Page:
Getting Acquainted with Groups and Individuals: Information Seeking, Social Uncertainty and Social Network Sites

author: James Doodson, Department of Media and Communication, University of Leicester
published: April 3, 2014,   recorded: July 2013,   views: 1524

Related Open Educational Resources

Related content

Report a problem or upload files

If you have found a problem with this lecture or would like to send us extra material, articles, exercises, etc., please use our ticket system to describe your request and upload the data.
Enter your e-mail into the 'Cc' field, and we will keep you updated with your request's status.
Lecture popularity: You need to login to cast your vote.


This study examined whether the relationship between information-seeking and social uncertainty differed when information was sought about a specific individual (e.g. a new housemate) or a group (e.g. a group of new housemates). An online experiment recruited 488 first-year undergraduates in the weeks immediately before starting a new university. Four information-seeking strategies (Ramirez, Walther, Burgoon & Sunnafrank, 2002) successfully modeled how students sought information about each other using Social Network Sites. Whereas an interactive strategy predicted lower social uncertainty about individuals than groups, a passive strategy predicted higher social uncertainty for indi- viduals and lower social uncertainty for groups. Findings are discussed in the context of impression formation, specif- ically Entitativity (Hamilton & Sherman, 1995).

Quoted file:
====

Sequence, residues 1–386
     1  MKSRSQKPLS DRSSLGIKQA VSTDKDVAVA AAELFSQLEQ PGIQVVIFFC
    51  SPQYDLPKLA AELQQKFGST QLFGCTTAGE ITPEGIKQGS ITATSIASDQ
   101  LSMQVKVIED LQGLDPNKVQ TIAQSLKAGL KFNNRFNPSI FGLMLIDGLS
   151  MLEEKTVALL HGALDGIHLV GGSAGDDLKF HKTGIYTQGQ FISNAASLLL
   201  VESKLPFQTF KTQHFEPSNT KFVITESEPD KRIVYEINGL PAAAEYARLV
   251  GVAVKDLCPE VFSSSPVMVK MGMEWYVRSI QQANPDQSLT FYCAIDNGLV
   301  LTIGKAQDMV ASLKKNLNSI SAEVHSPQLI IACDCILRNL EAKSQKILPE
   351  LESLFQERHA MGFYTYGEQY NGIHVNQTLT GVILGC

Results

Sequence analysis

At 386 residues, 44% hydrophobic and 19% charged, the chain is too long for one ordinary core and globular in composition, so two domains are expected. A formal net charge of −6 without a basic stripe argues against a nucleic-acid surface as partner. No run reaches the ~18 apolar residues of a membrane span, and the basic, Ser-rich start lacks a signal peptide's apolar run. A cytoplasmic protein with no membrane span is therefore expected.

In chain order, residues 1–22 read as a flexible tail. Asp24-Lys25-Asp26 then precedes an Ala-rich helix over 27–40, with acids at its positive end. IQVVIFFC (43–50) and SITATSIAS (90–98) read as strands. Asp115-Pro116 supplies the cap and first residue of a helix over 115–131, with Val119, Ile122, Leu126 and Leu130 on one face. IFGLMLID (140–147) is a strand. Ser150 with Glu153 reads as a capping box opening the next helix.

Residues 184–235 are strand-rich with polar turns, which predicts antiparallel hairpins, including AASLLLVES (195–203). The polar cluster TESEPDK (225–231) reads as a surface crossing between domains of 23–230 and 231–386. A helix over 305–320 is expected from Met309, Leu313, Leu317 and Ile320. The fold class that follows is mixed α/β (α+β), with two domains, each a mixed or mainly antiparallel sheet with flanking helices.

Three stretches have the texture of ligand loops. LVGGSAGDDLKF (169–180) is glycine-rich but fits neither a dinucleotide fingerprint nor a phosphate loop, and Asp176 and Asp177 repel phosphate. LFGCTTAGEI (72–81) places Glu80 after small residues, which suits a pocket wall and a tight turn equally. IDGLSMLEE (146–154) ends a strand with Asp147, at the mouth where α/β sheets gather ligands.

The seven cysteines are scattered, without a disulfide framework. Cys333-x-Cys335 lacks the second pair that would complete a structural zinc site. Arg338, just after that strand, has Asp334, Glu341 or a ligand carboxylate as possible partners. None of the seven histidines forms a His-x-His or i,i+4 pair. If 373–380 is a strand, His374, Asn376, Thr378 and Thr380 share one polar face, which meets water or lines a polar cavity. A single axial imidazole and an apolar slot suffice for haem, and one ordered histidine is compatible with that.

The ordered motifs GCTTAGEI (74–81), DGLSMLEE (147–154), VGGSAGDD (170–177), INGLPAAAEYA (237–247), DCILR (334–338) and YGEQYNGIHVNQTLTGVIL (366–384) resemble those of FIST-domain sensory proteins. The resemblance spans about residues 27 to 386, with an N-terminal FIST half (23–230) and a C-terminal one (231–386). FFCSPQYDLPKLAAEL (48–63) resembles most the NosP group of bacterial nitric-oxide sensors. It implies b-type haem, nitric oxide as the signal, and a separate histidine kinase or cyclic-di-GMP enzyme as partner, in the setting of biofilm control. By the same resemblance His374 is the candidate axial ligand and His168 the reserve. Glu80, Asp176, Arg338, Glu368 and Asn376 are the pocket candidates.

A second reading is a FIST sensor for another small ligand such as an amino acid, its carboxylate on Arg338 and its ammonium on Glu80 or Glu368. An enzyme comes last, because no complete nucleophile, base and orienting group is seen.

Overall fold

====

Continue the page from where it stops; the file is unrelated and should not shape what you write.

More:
Link this page

Would you like to put a link to this lecture on your homepage?
Go ahead! Copy the HTML snippet !

Write your own review or comment:

make sure you have javascript enabled or clear this field: